It is difficult to explain the continued high level of risk premiums in bond markets. Valentijn van Nieuwenhuijzen, of ING Investment Management, tries, and suggests we are still in a credit sweet spot.
Bond yields have been falling almost everywhere in recent years and have now reached record lows in government and corporate debt markets. This is partially a reflection of the underlying trends in the economy as growth seems to have shifted to a lower gear in both nominal and real terms.
Lower growth, modest to falling inflation and a reduced likelihood of central bank rate hikes help to explain remarkably low levels in yields. On top of this, the high ex-ante savings desire of many sectors in the developed world – households, corporates and governments – provides another important explanation why savings continue to flow into global bond markets.
However, the fact that bond yields are low does not mean risk premiums in bond markets are compressed. Risk premiums are mostly above long-term averages and in some cases even at levels only observed in recessions or market crises.
In government bond markets, yields have dropped to record lows, but that has not prevented these markets from having to have fairly steep curves.
Given that many money market rates have fallen to zero or below, the low long-term yield environment coincides with yield differentials between two and ten-year maturities of around 1.2% in Germany and the US. This is a significant yield pick-up that can be earned by taking on duration risk in these markets, especially in times when yield and returns are so hard to come by.
A combination of unusual uncertainty surrounding macro variables in the short-term because of instability in the system, and expectations of normalisation in macro-economic variables in the long-term, have led to these risk premiums in treasury markets. However, they are not necessarily fully consistent with the most heard-of explanation for risk premiums in other parts of fixed income markets.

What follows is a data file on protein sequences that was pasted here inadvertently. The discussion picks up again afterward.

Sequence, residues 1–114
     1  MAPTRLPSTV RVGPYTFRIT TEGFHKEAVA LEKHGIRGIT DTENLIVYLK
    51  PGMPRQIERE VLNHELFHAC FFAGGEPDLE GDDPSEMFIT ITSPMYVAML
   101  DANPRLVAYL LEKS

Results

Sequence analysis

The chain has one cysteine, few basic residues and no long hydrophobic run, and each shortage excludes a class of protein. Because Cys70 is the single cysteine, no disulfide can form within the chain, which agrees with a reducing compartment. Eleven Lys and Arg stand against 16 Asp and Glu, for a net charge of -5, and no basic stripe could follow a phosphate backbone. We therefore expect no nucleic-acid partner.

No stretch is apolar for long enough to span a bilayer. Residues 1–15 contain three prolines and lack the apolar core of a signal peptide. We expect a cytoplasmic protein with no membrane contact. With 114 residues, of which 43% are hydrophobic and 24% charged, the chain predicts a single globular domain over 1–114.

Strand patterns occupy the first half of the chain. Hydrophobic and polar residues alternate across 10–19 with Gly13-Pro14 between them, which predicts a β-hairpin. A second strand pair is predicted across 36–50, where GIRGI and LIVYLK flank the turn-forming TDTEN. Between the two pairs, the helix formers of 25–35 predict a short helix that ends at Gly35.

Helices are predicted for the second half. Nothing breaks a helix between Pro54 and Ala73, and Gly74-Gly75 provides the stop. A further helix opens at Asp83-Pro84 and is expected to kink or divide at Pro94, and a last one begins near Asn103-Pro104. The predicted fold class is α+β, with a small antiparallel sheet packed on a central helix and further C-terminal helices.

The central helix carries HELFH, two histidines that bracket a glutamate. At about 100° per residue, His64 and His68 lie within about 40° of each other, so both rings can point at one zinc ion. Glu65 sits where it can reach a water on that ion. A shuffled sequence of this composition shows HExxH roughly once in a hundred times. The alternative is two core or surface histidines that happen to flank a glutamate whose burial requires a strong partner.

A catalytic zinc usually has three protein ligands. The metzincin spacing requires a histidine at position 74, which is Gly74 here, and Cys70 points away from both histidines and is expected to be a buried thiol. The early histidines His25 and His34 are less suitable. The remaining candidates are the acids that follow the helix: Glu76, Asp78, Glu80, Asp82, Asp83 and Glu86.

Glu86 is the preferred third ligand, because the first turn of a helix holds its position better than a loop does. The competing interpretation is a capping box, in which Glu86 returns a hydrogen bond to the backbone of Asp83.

Above average spreads
For example, in the corporate bond space, significant spread levels – yield differential over equal-duration treasuries – are observed. Although spreads are clearly below the all-time highs that were seen after the Lehman Brothers default in 2008, they are currently still well above average and at levels that are only seen during recessionary periods.
Given the weakness in the eurozone economy, which is in another shallow recession and systemically instable, and the increased bail-in risks for senior bond holders of financial sector debt, this might not look too strange.
However, if the US economy strengthens and stronger corporate and credit conditions are taken into account, it is much more puzzling to understand the elevated level of non-financial corporate bond spreads. Despite the weak macro-economic environment, the corporate sector has remained profitable and has further strengthened its balance sheets in recent quarters.
Corporate leverage has come down significantly in terms of net debt to equity. Moreover, near-term refinancing schedules are relatively light and expected default and downgrades are rare by historical standards.